Review Summary: Seriously, fuck you Yoko.
We may never know what drove Mark David Chapman to do it. Many theories abound regarding his primary inspiration for murdering John Lennon in the most cowardly form imaginable, but regardless of the underlying component of madness raging within, the action itself will always stand as a tremendous shame and an undeniable scourge on rock history. Perhaps Chapman, a complete failure in life, was pissed about undoubtedly being hung like a field mouse, as anyone who would shoot an unarmed man in the back mere hours after receiving an autograph and having a brief conversation with his child unquestionably either suffers from chronic impotence or the pangs of possessing a cock that makes the baby on Nirvana’s “Nevermind” album cover look like Ron Jeremy. Maybe Chapman read “The Catcher in the Rye” one too many times, and simply connected too deeply to the Holden Caulfield’s penchant for abject failure, consistently whining about the fact he sucked ass at sports and couldn’t land or please a woman with an 8 million dollar payoff and a roadmap to the clitoris. Or perhaps his potent combination of rage, self-loathing, and latent homosexuality finally boiled over when the self-admitted Lennon superfan’s ears were initially graced with the greatest Beatle’s first album in over 5 years.
When “Double Fantasy” was released in 1980, the primary method of enjoying music was still dominated by vinyl, the format that rewards listeners of “entire albums” because it’s a total pain in the ass to skip songs. Chapman was probably pleased when the needle first struck side a, track one, and Lennon’s rock/doo-wap hybrid “Just Like Starting Over” came barreling out of the speakers with a subtle grace and undeniable catchiness. At this point Chapman was probably doing something aimless in his living room, maybe preparing himself for more Lennon awesomeness in a rad rock out stance. Probably unsuspectingly, his joy most certainly turned to an explosive cocktail of homicidal rage when instead of being greeted with another classy Lennon number, he was met with Yoko Ono’s “Kiss Kiss Kiss,” almost certainly the worst song in recorded history. Perhaps readying himself to fling the LP cover across the room, Chapman figured it out, noticing how Ono and Lennon are photographed in a “two as one” concept and actually turning the cover over to see that Ono had not 6, but 7 songs on this album. In an even more crushing blow, Yoko’s “songs” were track-listed in an “every other” format with Lennon’s, making it almost impossible to listen to the album without either putting in a great deal of work or fighting off the urge to reach for a straight razor and pine for the sweet release of death.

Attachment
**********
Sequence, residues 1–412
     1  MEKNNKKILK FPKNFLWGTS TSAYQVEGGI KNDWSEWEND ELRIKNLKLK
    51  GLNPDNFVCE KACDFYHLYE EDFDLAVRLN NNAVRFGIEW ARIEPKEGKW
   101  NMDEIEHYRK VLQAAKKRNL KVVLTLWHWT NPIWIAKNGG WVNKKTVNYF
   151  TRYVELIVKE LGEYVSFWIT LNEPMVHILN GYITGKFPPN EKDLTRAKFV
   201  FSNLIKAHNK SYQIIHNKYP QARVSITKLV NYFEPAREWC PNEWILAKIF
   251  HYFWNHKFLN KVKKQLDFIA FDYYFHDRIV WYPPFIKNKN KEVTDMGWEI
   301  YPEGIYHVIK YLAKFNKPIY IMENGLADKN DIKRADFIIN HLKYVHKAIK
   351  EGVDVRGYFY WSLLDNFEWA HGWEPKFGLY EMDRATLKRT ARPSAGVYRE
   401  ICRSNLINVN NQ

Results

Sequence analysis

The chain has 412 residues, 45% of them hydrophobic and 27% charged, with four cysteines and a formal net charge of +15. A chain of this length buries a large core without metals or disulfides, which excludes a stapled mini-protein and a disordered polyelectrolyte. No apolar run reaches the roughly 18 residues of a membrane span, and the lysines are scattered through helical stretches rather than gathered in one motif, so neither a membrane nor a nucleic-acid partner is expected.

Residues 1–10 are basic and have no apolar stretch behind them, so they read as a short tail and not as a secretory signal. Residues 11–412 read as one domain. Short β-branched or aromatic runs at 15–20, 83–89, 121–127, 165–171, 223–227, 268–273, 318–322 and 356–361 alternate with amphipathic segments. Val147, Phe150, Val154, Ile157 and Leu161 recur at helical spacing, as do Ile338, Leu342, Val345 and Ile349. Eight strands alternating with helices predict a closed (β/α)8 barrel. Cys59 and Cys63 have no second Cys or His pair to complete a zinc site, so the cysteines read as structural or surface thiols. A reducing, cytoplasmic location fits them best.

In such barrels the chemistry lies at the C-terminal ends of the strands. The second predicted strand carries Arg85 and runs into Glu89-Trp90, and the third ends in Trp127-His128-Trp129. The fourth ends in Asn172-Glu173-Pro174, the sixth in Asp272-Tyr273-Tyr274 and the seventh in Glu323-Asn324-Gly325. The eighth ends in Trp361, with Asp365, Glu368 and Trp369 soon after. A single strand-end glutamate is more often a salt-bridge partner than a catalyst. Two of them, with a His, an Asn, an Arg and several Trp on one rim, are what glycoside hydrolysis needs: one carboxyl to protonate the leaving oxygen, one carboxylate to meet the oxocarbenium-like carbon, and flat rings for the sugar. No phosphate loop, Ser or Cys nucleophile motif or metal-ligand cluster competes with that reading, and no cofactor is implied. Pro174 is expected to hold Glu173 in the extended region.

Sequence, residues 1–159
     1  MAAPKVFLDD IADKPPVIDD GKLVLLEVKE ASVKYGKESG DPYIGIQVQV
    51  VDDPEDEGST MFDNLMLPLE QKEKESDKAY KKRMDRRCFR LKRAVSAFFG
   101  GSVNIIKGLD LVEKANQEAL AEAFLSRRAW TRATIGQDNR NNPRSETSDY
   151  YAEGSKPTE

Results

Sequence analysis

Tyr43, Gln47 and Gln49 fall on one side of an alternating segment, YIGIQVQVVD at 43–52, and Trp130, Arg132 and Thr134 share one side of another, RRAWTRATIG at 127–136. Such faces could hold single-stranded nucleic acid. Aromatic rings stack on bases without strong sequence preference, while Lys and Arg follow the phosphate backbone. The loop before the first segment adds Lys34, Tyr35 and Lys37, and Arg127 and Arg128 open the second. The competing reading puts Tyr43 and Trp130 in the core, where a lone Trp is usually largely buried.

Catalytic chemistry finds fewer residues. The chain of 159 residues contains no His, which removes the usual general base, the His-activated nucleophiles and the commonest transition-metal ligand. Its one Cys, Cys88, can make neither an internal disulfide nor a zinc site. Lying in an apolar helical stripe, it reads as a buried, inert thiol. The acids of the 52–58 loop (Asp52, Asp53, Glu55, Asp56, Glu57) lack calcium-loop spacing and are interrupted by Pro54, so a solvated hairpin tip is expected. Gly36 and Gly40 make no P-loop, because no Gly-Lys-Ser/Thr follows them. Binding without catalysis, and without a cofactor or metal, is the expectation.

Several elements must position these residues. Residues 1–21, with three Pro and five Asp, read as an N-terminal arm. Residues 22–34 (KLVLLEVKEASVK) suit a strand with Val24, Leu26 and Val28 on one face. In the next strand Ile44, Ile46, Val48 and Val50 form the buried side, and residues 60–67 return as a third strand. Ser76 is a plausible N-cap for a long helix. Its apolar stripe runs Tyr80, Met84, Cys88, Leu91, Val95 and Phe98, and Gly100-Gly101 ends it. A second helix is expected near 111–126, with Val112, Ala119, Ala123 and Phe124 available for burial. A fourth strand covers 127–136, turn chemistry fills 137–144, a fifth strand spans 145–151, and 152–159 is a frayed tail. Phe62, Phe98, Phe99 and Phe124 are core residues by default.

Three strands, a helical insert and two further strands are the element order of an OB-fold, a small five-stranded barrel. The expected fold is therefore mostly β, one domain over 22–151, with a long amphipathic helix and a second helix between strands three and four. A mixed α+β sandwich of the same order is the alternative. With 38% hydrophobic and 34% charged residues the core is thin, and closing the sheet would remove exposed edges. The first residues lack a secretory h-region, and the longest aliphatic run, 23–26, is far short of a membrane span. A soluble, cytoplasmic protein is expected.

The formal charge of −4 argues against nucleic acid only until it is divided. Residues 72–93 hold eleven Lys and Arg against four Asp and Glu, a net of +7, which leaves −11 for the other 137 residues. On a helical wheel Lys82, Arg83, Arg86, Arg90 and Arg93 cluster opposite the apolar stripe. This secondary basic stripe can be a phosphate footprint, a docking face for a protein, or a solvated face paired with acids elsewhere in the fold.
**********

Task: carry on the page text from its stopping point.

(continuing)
It’s an unmitigated train wreck disaster that Lennon’s final work is marred this thoroughly by Ono, who sounds more like a diseased yack than an actual professional performing artist. To say that Yoko’s songs are tremendously awful is akin to saying that George Michael lubes up and bends over in rest area bathroom stalls; it’s not opinion, it’s an undeniable fact. The aforementioned “Kiss Kiss Kiss” is so reprehensibly awful that it cannot even be enjoyed ironically; its rotting, pungent stench actually transcends the notion of ironic unintentional comedy, something which is almost impossible to do. Like any sadomasochist however, Yoko doesn’t just stop here. “Give Me Something” sounds like a B-52’s song if their lead singer resembled a braying, dying goat. “Yes I’m Your Angel” resembles a “piece” that would have been on a late 50’s edition of “The Mickey Mouse Club,” only about 4,732 times more atrocious, and “I’m Moving On” manages to fail indescribably hard despite the fact it entirely rips off the Lennon classic “I’m Losing You” that comes right before it. There is not a single second of Ono’s work that can accurately be labeled as “music,” it is hyperbole removed more appropriate for replacing waterboarding as the primary interrogation tactic at Gitmo Bay. It is absolutely, unequivocally, and inarguably that insidious.
What a pity, because despite Lennon having a few missteps likely stemming from the insanity of being domesticated with the Japanese soul-killing machine for 5 years (“Dear Yoko” is easily the worst song he ever wrote and “Beautiful Boy” is just entirely too sappy to be on a rock album), the man was so talented he could still piss out a few drops of excellence with dehydrated kidneys and a tourniquet tightly draw across his urethra. He was just that good of a songwriter. His excellence shines through most predominately on the absolutely fantastic “Watching The Wheels” and the aforementioned “Just Like Starting Over,” but “I’m Losing You” and “Clean up Time” position themselves as worthwhile additions to his body of work. "Woman," despite carrying the unfortunate position of being a tribute to Ono, was a solid single and 80's rock ballad.
It’s difficult to say if Lennon’s moments here are enough to save an album that is weighed down by an artist who would be improved by an advanced case of down-syndrome, and for Lennon fans, it’s a bitter pill to swallow that this is in all actuality his final piece of work. In a great piece of irony, the closing song is Ono’s “Hard Times Are Over,” an homage to Motown soul that would have benefited from a circular saw subtly destroying a chalk board acting as replacement for lead vocals. Perhaps Mark David Chapman took that song title as a sign of vindictive direction, as he most certainly had been pushed to the brink long before it.